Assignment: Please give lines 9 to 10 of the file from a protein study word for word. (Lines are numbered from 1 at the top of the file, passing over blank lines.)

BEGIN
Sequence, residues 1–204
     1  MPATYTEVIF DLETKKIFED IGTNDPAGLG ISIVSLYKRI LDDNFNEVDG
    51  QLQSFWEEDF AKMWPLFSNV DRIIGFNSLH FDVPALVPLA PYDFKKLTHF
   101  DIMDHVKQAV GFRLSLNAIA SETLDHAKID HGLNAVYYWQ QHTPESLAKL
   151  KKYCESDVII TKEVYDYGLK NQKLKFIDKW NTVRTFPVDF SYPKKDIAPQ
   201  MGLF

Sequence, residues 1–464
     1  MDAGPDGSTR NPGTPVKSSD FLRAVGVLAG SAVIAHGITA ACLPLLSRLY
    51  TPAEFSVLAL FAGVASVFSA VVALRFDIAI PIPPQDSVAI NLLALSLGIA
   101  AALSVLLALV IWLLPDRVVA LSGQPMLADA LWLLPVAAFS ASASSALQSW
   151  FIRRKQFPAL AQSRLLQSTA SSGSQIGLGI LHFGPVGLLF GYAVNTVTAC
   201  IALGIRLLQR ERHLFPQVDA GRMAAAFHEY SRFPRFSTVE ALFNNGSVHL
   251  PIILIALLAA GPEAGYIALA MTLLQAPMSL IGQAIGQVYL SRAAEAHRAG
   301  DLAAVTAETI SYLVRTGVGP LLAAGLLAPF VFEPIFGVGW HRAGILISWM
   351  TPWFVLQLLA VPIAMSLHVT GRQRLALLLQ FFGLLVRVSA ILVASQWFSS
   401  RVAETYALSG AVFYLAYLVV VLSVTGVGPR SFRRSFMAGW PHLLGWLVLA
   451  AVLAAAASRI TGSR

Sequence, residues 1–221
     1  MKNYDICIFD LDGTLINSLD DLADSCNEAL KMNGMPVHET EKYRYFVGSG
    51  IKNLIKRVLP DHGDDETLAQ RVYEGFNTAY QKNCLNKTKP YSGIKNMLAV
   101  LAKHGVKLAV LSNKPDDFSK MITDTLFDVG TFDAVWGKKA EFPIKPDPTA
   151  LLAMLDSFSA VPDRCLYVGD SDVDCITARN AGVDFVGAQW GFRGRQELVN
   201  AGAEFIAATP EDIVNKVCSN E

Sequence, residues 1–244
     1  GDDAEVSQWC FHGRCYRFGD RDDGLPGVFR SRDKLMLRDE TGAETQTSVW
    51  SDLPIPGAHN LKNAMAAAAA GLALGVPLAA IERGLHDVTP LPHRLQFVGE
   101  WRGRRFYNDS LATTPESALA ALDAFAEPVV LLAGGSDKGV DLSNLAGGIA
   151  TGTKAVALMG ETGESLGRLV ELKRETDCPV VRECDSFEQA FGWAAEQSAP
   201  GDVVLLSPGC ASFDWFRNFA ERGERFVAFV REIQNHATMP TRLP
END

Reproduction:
    51  TPAEFSVLAL FAGVASVFSA VVALRFDIAI PIPPQDSVAI NLLALSLGIA
   101  AALSVLLALV IWLLPDRVVA LSGQPMLADA LWLLPVAAFS ASASSALQSW